Say you were a nice man who cared deeply about people. Say you had a wife and when you thought about it, when people would ask your wife about herself, she would make a self-deprecating remark, so if she failed to impress she would have already proven her unworthiness to herself. Pretend you saw her do this, and even though it saddened you, it was clearly a way she felt she could retain control. And, certainly, since women had been judged harshly throughout history and had learned to judge themselves harshly, it would make sense for a woman like this writer – a woman not that different from your wife – to approach her own success with a certain distrust. 


But even still. Say while you were generous with your support for other writers (so generous that you felt you spent too much time giving and didn’t keep enough for yourself), say the woman writer you were always compared to seemed not to read anyone at all, actually, as if she were a blank slate impossible to imprint upon, original and completely pure. Say she had no circle of artists with whom she shared her work, say she refused to endorse other people’s books, say she refused to ally herself with anyone at all. As if she were her own island, which would have made you lonely, but which only seemed to elevate her cachet. Say this woman had been given the status of a thought leader who explored the darker parts of the human psyche, but say you knew she was not, in fact, subversive, that there had been other women writers who called attention in more interesting ways to the human condition and the systems of power that sought to dominate the weak in service of the powerful. Say you wanted the media to shed a little of that light on them, too, to show that this writer being a woman with guts wasn’t, in fact, such a transgressive act, and that other women had been brilliant and obscene for decades!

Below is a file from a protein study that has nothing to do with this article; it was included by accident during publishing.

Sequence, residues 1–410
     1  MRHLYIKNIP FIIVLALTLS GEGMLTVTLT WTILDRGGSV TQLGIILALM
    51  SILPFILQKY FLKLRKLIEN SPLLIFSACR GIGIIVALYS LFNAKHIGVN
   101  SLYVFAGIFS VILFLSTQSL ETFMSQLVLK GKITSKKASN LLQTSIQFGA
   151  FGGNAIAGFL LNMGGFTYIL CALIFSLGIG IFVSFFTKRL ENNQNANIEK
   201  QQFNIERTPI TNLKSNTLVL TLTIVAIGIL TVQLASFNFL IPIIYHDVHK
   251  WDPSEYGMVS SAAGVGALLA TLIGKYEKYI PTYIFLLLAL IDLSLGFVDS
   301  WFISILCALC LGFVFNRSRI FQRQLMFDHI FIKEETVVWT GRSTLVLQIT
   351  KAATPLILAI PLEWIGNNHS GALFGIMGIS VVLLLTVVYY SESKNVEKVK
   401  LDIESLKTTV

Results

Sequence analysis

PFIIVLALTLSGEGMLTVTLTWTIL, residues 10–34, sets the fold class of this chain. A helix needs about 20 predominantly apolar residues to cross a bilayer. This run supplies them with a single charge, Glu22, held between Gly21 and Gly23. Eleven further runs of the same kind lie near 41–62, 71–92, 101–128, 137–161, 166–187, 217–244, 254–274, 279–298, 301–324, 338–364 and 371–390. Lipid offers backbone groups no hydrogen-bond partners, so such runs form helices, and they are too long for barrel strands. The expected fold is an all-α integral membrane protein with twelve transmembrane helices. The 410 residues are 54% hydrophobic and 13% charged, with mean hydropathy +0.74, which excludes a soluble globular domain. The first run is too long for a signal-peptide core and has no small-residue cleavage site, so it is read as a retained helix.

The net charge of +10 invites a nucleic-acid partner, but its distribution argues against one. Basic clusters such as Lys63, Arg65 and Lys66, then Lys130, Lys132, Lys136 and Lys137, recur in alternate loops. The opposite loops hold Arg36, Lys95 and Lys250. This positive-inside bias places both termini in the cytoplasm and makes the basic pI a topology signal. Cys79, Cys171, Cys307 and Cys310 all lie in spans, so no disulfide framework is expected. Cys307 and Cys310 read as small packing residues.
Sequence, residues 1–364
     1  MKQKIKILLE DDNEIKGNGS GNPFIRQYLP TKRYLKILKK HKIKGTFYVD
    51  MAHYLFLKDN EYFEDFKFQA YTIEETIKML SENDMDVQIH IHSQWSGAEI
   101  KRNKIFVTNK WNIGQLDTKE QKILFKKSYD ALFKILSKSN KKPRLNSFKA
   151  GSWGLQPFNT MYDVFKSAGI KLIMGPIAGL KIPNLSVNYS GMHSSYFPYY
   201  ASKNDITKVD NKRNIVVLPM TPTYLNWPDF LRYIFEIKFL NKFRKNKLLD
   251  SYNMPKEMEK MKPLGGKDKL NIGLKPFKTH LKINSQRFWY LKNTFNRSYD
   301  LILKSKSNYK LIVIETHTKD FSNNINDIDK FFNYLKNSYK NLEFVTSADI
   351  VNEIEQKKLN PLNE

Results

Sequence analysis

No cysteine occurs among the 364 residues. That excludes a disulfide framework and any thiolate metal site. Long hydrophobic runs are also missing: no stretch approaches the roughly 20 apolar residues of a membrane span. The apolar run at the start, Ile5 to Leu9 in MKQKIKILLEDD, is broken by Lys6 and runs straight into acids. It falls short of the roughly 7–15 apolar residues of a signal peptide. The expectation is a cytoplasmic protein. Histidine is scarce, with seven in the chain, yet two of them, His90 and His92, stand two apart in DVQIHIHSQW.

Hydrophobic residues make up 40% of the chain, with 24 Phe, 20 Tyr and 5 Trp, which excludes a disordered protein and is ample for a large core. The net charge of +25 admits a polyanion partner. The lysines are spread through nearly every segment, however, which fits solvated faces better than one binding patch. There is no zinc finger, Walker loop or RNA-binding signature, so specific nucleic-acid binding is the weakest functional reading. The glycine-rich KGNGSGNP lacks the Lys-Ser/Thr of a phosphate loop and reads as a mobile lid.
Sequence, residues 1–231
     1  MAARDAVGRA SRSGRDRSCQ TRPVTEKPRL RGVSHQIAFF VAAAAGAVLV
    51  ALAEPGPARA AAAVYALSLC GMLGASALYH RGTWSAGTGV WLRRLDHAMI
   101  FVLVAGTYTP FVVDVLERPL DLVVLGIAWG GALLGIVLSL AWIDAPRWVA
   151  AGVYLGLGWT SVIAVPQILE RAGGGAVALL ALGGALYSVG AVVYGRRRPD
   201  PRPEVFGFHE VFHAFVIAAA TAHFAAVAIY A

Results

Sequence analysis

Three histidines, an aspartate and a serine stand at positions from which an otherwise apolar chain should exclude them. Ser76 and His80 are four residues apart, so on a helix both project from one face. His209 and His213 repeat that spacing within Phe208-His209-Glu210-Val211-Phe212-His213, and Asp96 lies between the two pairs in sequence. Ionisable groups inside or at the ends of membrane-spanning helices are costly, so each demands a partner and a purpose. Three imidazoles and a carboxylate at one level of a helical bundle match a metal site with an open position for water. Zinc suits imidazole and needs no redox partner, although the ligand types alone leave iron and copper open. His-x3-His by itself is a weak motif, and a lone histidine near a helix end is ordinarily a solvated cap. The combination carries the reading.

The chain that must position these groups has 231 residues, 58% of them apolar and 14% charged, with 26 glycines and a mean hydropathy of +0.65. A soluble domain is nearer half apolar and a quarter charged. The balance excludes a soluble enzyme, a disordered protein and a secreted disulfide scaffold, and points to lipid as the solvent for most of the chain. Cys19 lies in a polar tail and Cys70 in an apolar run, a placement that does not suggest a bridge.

Say you said all this, published essays about it, and say you were punished for it, even though, in many ways, you were right. Because, after all, you’re a man, and say – this is hypothetical – say you were reacting in part out of spite, out of envy for her success. One day pretend you realised that your anger was likely a misplacement of your dissatisfaction with your own life, a projection of your own inner disquiet, your own lack of success, your discomfort with the changing implications of your own career. And yet, as true as this might have felt, say you were still convinced that it was also possible that the woman writer was a red herring created by the male-driven collective unconscious (of which you were a part, but a less toxic part) to throw society off the scent of entrenched systems that were useful to those in power, writers like you (but not you!). Say you wrote an essay about how this writer was a safe outlaw, and that getting behind her didn’t start a revolution, but kept a real revolution from happening. Say you wrote about how this writer’s characters were misanthropic, how her narratives sought to destroy the people they saw as weak, that the reader was not challenged to see themselves in her characters as a way to liberate them from a violent part of the human condition by putting it under a magnifying glass and studying it with metaphor or myth. That they were not challenged, because the writer did not challenge herself. And that the reader continued on a crusade to spit on all those who came across their path, flipping through pages vehemently but with little purpose. And because this woman writer had been celebrated by the literary establishment, say you wrote in this hypothetical piece that the reader could think: ‘I can enjoy this violence. I can be violent, too.’ Say you wrote that the reader was offered a stage for their performance of desire to continue hating women and for women to continue hating themselves, which served as a useful tool for the men in power and the women who were their handmaidens. This woman writer, you might say, asked us to put readers seeking truth in the same category as readers who found pleasure in picking their scabs, as if bringing oneself to orgasm was the same as cutting oneself. Say you wrote that in an essay, that you titled it something really witty and no one thought it was funny at all.